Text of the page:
Date of Session:
 
Duration: 2 days
 
Session Description
 
Mitochondrial energy metabolism is increasingly recognised as a key mechanism influencing animal performance and adaptation to environemental conditions. While mitochondrial metabolic traits are very plastic (i.e can change within seconds to days in response to exercise, temperature, reproduction) , within-individual consistency in mitochondrial traits that exist even under standardized environmental conditions, transgenerational effects , early life programming effects) influencing mitochondrial metabolism is critical to understand how intra and inter individual veriation in mitochondrial aerobic metabolism emerge and could trigger individual heterogenity in animal perfomance and life histories.

Animal performance in response to varying diet quality and quantity: trade-offs between efficiency and capacity (A9)
Organisers:
Rachael Morgan (University of Glasgow, UK)
Darryl McLennan (University of Glasgow, UK)
Neal Dawson (University of Glasgow, UK)
Agnieszka Magierecka (University of Glasgow, UK)
 
Invited Speakers
 
Date of Session:
 
Duration: 2 days
 
Session   Description
 
Feeding is essential for somatic growth and is intrinsically linked to animal performance. In general, a higher quantity and quality of food may confer benefits by increasing energy and growth potential. However, individual performance and overall success in the wild is, in part, a product of complex interactions between what food is available, how much of it there is and how capable and efficient an individual is at converting that food into energy. In this session we aim to explore these interactions, why they might have evolved and how they could change with environmental fluctuations.
 

 

The evolutionary significance of variation in metabolic rates (A10)
Organisers:
Amanda Kate Pettersen (Sydney Institute of Marine Science, Australia)
 
Invited speakers
 
Date of Session:
 
Duration: 1 day
 
Session Description
 
Metabolic rate reflects an organism’s capacity for growth, maintenance, and reproduction, and is likely to be a target of selection. This session aims to examine the evolutionary potential of metabolism, by exploring both the causes of its variation, such as environmental and genetic sources of variation, energy trade-offs and constraints, and the consequences of variation for fitness. We welcome all submissions that consider evolutionary aspects underlying phenotypic variation in metabolic rates, including, selection, heritability, and plasticity.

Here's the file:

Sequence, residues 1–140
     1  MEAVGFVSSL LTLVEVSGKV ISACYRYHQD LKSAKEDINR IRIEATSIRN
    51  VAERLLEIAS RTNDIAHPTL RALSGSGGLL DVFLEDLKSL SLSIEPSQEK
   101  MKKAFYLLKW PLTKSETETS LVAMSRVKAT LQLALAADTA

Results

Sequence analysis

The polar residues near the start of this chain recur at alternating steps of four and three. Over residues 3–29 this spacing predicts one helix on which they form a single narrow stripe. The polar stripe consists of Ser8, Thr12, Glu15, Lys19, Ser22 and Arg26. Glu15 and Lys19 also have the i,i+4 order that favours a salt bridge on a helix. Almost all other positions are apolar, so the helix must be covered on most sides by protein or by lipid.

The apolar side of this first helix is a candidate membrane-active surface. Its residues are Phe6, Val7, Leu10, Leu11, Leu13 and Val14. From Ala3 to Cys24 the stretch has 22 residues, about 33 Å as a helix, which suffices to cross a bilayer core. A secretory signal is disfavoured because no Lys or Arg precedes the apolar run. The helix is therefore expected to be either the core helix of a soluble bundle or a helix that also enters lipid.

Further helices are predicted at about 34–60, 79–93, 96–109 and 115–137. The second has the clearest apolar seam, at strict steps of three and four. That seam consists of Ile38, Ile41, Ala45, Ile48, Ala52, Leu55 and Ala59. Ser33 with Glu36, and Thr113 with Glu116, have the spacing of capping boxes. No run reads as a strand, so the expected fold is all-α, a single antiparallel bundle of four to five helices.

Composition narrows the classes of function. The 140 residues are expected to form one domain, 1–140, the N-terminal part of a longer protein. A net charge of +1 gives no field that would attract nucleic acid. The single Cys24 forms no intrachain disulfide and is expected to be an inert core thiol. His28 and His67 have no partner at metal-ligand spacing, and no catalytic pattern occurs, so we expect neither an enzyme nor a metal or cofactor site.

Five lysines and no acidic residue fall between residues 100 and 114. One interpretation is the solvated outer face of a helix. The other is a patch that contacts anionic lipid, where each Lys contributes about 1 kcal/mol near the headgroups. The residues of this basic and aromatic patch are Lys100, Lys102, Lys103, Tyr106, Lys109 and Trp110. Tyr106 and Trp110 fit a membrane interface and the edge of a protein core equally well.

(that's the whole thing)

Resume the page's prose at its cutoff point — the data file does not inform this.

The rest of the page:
Endocrine-mediated responses to environmental variability (A11)
Organisers:
Frank Seebacher (University of Sydney)
Alexander Little (Queen's University)
 
Invited Speakers
Alexander Little
Helene Volkoff
Frank Seebacher
 

Date of Session:

 
Duration: 2 days
 
Session Description
 

 

Bioinspiration, Biomimetics and Bioreplication (A12)
Organisers:
Thomas Neil (University of Bristol, UK)
Marc Holderied (University of Bristol, UK)
 
Session Speakers
Professor Jan-Henning Dirks
Dr David Labonte
 
Date of Session:
 
Duration: 1 day
 
Session Description 
 
Looking   to nature for clues to stimulate research in non - biological  science   and technology has been at the forefront of research innovation for years. Biomimetrics  is an interdisciplinary field in which principles from biological systems are applies to the synthesis of materials, systems or ,machines that   have functions that mimic these maturally occuring processes. The scope for these inspirational systems  is broad and there is a need to communicate new ideas from bioinspired research across disciplines in order to construct new ideas  and initiate collaborations . This session aims to bring together reseachers from diverse range of fields and use the meeting as a bisis for dicussing novel and exciting findings with their potential for a role in creating new bioinspired techonologies and materials.

 

Environmental and evolutionary influences on performance capacity and environmental tolerance (A13)
Organisers:
Oliver H Wearing (McMaster University)
Justin Conner (University of North Texas)
 
Invited Speakers 
 
Date of Session:
 
Duration: 1 day
 
Session Description